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Today we’ll take a closer look at Caltex Australia Limited (ASX:CTX) from a dividend investor’s perspective. Owning a strong business and reinvesting the dividends is widely seen as an attractive way of growing your wealth. Yet sometimes, investors buy a stock for its dividend and lose money because the share price falls by more than they earned in dividend payments.
With a goodly-sized dividend yield despite a relatively short payment history, investors might be wondering if Caltex Australia is a new dividend aristocrat in the making. We’d agree the yield does look enticing. When buying stocks for their dividends, you should always run through the checks below, to see if the dividend looks sustainable.
Companies (usually) pay dividends out of their earnings. If a company is paying more than it earns, the dividend might have to be cut. So we need to form a view on if a company’s dividend is sustainable, relative to its net profit after tax. Looking at the data, we can see that 55% of Caltex Australia’s profits were paid out as dividends in the last 12 months. This is a healthy payout ratio, and while it does limit the amount of earnings that can be reinvested in the business, there is also some room to lift the payout ratio over time.
Another important check we do is to see if the free cash flow generated is sufficient to pay the dividend. With a cash payout ratio of 126%, Caltex Australia’s dividend payments are poorly covered by cash flow. Caltex Australia paid out less in dividends than it reported in profits, but unfortunately it didn’t generate enough free cash flow to cover the dividend. Cash is king, as they say, and were Caltex Australia to repeatedly pay dividends that aren’t well covered by cashflow, we would consider this a warning sign.
Remember, you can always get a snapshot of Caltex Australia’s latest financial position, by checking our visualisation of its financial health.
Before buying a stock for its income, we want to see if the dividends have been stable in the past, and if the company has a track record of maintaining its dividend. The first recorded dividend for Caltex Australia, in the last decade, was nine years ago. Although it has been paying a dividend for several years now, the dividend has been cut at least once by more than 20%, and we’re cautious about the consistency of its dividend across a full economic cycle. During the past nine-year period, the first annual payment was AU$0.25 in 2010, compared to AU$1.18 last year. Dividends per share have grown at approximately 19% per year over this time. Caltex Australia’s dividend payments have fluctuated, so it hasn’t grown 19% every year, but the CAGR is a useful rule of thumb for approximating the historical growth.
So, its dividends have grown at a rapid rate over this time, but payments have been cut in the past. The stock may still be worth considering as part of a diversified dividend portfolio.
Dividend Growth Potential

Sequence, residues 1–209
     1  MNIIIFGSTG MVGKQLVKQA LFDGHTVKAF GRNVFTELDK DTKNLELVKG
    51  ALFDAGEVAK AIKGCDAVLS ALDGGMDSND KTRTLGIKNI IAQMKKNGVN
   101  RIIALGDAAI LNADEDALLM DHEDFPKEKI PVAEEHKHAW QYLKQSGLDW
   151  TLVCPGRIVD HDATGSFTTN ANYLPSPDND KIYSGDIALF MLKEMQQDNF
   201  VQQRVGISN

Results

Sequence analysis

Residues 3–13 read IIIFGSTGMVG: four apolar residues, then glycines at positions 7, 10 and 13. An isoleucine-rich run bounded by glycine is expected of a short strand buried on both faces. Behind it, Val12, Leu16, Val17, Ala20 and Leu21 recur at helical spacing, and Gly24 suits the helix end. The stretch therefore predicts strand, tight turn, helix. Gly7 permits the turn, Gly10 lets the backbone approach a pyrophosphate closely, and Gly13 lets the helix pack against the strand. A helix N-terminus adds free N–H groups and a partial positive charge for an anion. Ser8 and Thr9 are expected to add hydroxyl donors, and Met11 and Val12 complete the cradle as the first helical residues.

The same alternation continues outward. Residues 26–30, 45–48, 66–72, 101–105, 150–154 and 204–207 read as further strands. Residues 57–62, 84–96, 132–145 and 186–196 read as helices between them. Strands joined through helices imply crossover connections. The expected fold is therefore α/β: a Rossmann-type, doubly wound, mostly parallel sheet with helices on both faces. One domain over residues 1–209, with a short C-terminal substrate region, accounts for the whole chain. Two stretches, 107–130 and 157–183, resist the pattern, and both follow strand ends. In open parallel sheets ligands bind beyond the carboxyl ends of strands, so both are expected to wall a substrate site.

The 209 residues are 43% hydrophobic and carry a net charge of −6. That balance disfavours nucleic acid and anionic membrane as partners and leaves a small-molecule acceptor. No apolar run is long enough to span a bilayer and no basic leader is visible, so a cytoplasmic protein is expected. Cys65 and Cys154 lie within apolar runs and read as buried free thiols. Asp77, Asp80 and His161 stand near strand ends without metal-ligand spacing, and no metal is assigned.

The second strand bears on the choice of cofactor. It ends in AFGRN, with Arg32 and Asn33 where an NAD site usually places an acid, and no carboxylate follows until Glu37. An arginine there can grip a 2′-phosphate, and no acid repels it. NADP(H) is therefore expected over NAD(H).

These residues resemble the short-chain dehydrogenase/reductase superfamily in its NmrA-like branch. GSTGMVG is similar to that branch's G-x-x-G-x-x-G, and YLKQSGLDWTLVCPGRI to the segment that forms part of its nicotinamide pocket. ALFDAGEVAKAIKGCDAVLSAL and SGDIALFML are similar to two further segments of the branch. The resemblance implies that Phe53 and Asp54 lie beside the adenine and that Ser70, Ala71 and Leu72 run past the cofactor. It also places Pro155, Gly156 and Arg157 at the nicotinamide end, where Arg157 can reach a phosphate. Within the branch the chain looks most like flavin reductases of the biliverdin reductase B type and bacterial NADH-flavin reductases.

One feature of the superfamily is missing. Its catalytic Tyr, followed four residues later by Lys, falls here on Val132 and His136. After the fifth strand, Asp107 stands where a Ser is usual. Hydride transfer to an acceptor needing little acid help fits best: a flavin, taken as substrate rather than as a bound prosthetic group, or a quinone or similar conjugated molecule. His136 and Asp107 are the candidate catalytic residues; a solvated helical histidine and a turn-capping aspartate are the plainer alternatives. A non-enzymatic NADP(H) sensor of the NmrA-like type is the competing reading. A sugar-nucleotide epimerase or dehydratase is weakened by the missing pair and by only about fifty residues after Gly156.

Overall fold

With a relatively unstable dividend, it’s even more important to evaluate if earnings per share (EPS) are growing – it’s not worth taking the risk on a dividend getting cut, unless you might be rewarded with larger dividends in future. While there may be fluctuations in the past , Caltex Australia’s earnings per share have basically not grown from where they were five years ago. Over the long term, steady earnings per share is a risk as the value of the dividends can be reduced by inflation. 1.8% per annum is not a particularly high rate of growth, which we find curious. When a business is not growing, it often makes more sense to pay higher dividends to shareholders rather than retain the cash with no way to utilise it.
To summarise, shareholders should always check that Caltex Australia’s dividends are affordable, that its dividend payments are relatively stable, and that it has decent prospects for growing its earnings and dividend. First, we think Caltex Australia has an acceptable payout ratio, although its dividend was not well covered by cashflow. Second, earnings growth has been ordinary, and its history of dividend payments is chequered – having cut its dividend at least once in the past. In summary, Caltex Australia has a number of shortcomings that we’d find it hard to get past. Things could change, but we think there are a number of better ideas out there.
Companies that are growing earnings tend to be the best dividend stocks over the long term. See what the 11 analysts we track are forecasting for Caltex Australia for free with public analyst estimates for the company.
We have also put together a list of global stocks with a market capitalisation above $1bn and yielding more 3%.
We aim to bring you long-term focused research analysis driven by fundamental data. Note that our analysis may not factor in the latest price-sensitive company announcements or qualitative material.
If you spot an error that warrants correction, please contact the editor at email@example.com. This article by Simply Wall St is general in nature. It does not constitute a recommendation to buy or sell any stock, and does not take account of your objectives, or your financial situation. Simply Wall St has no position in the stocks mentioned. Thank you for reading.